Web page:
Nevada Republicans Urge “Neither Candidate” Vote in State Primary

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News Team

This Tuesday, Republicans in the state will be able to vote in the primary elections in accordance with the provisions of the law. Two days later, the party will hold a caucus, which is what the convention will assign the delegates to choose the candidate in the November presidential elections. The two contenders who are still in contention, Trump and Nikki Haley, will not face each other directly. The former governor participates in the primary and Trump in the caucuses, while the local party promotes voting for “none of the candidates” in Tuesday’s election, hoping to defeat Haley even without Trump’s participation.

Thanks to a decision by the Nevada Republican Party, the state primary election sanctioned by the Secretary of State will not result in the awarding of delegates to the Republican National Convention, since all 26 Republican representatives at that event will be decided in caucuses. The state Republican Party has promoted among its voters the vote “for none of the candidates” on the ballot for the state primary election, an option that if it results in a majority would minimize what is expected to be a victory for Haley in that race in which she competes without opposition.

Nikki Haley asks for protection from the Secret Service: her campaign says there is an increase in threats against her. Since 1975, the vote “for neither candidate” is a legal option that appears on all electoral ballots, both state and federal Nevada, along with the names of the regular candidates. If the “neither candidate” option receives the most votes, the candidate who comes in second is declared the winner, as has indeed happened twice times in the past. Although a victory of the “neither candidate” vote will not prevent Haley from being declared the winner of the Nevada presidential primary election, being defeated by that option would constitute a humiliation for the pre-candidate.

Despite having criticized the party for prohibiting candidates participating in the primaries from also running in the caucuses, the Republican governor of Nevada, Joe Lombardo, announced that he will vote “for none of the candidates” in Tuesday’s election. In a statement to the outlet The Nevada Independent, Lombardo said he will vote for “neither candidate” in the primary election and plans to support Trump in the caucuses two days later. Nevada’s Republican lieutenant governor, Stavros Anthony, made a similar announcement urging the Republican base of the state to do the same.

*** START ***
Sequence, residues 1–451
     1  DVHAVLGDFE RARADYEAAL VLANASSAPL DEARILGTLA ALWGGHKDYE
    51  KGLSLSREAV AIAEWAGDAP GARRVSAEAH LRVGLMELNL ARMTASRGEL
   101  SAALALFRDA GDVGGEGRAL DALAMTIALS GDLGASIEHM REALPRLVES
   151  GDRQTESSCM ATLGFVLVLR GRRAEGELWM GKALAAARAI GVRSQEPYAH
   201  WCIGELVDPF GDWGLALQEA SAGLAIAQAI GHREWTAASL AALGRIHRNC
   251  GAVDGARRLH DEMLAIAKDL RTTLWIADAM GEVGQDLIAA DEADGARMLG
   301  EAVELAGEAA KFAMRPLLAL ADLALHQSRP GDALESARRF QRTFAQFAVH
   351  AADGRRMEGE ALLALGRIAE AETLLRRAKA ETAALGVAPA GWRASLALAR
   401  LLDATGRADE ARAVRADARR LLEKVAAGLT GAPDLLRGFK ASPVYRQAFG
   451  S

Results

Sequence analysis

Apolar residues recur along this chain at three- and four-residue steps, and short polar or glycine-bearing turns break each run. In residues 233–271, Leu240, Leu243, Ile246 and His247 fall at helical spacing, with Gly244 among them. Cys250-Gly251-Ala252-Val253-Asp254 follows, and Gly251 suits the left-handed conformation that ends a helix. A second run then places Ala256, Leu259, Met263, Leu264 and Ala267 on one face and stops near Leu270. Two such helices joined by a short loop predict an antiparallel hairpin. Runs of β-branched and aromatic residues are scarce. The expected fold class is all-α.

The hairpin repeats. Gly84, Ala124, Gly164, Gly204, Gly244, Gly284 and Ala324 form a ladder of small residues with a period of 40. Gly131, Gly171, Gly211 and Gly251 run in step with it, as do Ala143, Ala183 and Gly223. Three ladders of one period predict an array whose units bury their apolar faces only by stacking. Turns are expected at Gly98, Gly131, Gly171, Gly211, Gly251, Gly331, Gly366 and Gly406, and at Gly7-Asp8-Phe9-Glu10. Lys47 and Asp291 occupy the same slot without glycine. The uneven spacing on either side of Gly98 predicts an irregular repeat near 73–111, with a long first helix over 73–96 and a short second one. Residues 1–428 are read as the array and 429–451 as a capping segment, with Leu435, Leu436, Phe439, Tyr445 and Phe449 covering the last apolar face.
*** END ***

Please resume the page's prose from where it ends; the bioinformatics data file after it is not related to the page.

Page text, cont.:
The Nevada Republican Party, led by Trump allies, three of whom are even charged with felonies related to their role in the “fake electors” scheme “, imposed conditions that clearly favor Trump for the 2024 primaries, which Haley, Florida Governor Ron DeSantis, and other candidates described at the time as unfair. Among them was the decision to hold a caucus separate from the established elections in the law. Taking advantage of the fact that the law does not say how a party’s delegates are awarded in Nevada, they also decided that the caucus will be the only way, thus ensuring that Trump wins the 26 representatives of Nevada in the next Republican National Convention, to be held in July in the city of Milwaukee.

When this decision was made in August, Haley, DeSantis, South Carolina Senator Tim Scott (who now supports Trump) and other Republican candidates had already registered in the state primaries so The party also decided that those who participated in that election would be automatically excluded from the caucuses. The decisions of the Nevada Republican Party led to Haley ignoring the state entirely, campaigning as if the election in South Carolina on February 24 was the next after New Hampshire. “Talk to the people of Nevada: they will tell you that the caucuses have been sealed, bought and paid for for a long time,” Haley told reporters in New Hampshire. “That’s the Trump train that passed through there. But we are going to focus on the states that are fair.”

On Tuesday, Nevada will also hold a Democratic primary election and in which President Joe Biden is expected to obtain a overwhelming victory. Could the Republican Party’s problems in Arizona cost Trump the presidency? The Fuego online debate.

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